In the case of wide-field imaging, another serious problem caused by the involuntary movement of the human head and eye is the displacement between adjacent B-scans. During imaging, although the volunteer was asked to fixate the blue aiming spot to minimize eye movement, the motion artifacts are still quite dominant and occur occasionally through the whole progress of capturing the 16 OCT datasets, from which the wide-field ocular perfusion map is reconstructed. As previously reported,11, 20 the axial displacement can be compensated for with relative ease by the cross correlation method between two A-lines at the same position of two adjacent B-scans. This is because the retina has well-layered structures along the depth direction that produce a sharp peak for the cross correlation function. Thus, this cross correlation is suitable for determining the displacement by locating its peak position. Using the position of peak value, we can determine the lateral displacement between these two B-scans. For example, if the position index of the peak value is zero, there is no displacement between them. If the position index is positive, the second B-scan moved to the right compared to the previous B-scan and vice versa. However, for several reasons, the cross correlation method based on an OCT structural image often does not work effectively well to compensate the lateral displacements for most parts of the posterior part of the human eye. First of all, except for the optic nerve head region, the structures of the retina are very smooth. Particularly when a small area of 2×2mm is scanned, the variance of structures is very small in the lateral direction. This means that the structural information presented by the same layer will be very similar along the lateral direction. Because of these reasons, the calculated cross correlation function will behave as if having a very broad peak, which leads to difficulty in locating the peak position for estimating the lateral tissue motion. To give an example, Fig. 5 shows a typical FDOCT B-scan structure image. The cross correlation between the same depth position marked by the red line of two adjacent B-scans is shown in Fig. 5. As it can be seen, the cross correlation function has a very broad peak, and thus the subsequent determination of the peak position can be inaccurate. To obtain accurate determination of the peak position, we propose to use the OMAG flow images to evaluate the cross correlation function, rather than using the structural image. This is reasonable because the OMAG flow images possess more high spatial frequency components than the structural images. According to the information theory as applied to the pattern recognition; the more high spatial frequency components, the sharper the correlation peak. Figure 5 gives the OMAG flow images corresponding to Fig. 5. The cross correlation function at the same position as for Fig. 5 is shown in Fig. 5. It is clear that the use of OMAG flow images produces a cross-correlation function with a very sharp peak, thus delivering an accurate estimation of the displacement between adjacent B-scans.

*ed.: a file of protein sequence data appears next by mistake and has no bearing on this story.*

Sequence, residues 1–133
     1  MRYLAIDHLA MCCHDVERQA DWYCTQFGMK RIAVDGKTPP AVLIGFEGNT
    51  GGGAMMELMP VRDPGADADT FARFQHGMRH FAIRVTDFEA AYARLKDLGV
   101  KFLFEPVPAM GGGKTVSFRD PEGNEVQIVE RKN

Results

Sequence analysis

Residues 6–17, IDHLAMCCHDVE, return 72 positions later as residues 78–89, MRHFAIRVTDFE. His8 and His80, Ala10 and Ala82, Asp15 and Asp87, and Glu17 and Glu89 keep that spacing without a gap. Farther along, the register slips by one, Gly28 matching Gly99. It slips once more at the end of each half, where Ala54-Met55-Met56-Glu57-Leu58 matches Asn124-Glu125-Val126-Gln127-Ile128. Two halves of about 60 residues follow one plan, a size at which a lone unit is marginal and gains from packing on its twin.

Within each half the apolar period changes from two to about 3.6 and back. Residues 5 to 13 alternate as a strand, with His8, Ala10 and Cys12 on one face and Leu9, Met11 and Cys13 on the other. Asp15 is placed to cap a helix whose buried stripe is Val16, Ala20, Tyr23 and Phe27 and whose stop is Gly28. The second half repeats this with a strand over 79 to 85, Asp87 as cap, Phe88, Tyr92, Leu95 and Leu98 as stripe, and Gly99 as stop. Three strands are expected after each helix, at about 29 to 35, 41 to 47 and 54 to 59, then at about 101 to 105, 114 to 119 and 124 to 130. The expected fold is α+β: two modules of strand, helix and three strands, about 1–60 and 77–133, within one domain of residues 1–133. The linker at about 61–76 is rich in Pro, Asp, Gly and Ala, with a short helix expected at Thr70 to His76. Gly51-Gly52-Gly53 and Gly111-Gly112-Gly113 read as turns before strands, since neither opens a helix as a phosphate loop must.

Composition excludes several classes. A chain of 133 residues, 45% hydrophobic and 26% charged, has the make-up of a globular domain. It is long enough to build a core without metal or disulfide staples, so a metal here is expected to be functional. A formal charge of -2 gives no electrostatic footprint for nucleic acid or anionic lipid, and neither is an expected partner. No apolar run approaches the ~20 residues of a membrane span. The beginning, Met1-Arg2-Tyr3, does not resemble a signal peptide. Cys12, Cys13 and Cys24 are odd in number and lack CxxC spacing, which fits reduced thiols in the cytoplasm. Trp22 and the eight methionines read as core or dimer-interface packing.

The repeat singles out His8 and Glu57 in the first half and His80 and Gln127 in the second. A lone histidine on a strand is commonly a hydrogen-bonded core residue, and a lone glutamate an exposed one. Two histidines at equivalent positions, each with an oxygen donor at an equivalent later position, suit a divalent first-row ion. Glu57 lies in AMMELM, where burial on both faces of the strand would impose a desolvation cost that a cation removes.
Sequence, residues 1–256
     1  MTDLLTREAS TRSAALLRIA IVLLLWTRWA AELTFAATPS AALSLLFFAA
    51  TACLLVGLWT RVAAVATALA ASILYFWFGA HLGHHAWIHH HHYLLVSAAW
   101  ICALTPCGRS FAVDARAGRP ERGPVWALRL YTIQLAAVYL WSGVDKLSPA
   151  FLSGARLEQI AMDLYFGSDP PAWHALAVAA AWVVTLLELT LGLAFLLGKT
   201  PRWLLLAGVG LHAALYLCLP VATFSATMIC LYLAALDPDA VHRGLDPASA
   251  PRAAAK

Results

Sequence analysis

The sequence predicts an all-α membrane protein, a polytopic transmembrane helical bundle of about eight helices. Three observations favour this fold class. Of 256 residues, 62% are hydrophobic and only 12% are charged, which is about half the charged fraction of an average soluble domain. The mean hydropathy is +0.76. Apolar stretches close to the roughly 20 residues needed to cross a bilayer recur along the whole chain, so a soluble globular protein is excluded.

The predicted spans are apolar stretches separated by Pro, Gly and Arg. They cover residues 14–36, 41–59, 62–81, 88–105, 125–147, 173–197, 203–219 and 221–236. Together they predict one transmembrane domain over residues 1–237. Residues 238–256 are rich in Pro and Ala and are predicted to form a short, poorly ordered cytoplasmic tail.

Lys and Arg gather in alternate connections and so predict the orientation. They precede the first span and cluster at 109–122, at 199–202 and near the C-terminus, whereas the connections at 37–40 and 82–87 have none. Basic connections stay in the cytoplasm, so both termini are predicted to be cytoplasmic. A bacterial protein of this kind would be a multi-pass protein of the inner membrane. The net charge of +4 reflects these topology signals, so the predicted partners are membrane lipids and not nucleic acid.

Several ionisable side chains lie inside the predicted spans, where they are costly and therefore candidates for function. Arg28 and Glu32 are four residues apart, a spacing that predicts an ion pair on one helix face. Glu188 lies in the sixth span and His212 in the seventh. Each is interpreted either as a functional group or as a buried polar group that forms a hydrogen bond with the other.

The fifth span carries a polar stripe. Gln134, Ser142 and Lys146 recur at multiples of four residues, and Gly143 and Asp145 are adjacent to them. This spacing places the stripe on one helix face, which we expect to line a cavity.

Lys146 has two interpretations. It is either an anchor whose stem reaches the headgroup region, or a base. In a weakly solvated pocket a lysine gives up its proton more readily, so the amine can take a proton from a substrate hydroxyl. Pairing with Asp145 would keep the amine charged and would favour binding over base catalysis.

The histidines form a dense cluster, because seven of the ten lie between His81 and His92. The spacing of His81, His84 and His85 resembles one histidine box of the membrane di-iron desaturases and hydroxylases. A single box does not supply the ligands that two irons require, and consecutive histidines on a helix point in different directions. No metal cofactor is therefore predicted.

Fig. 5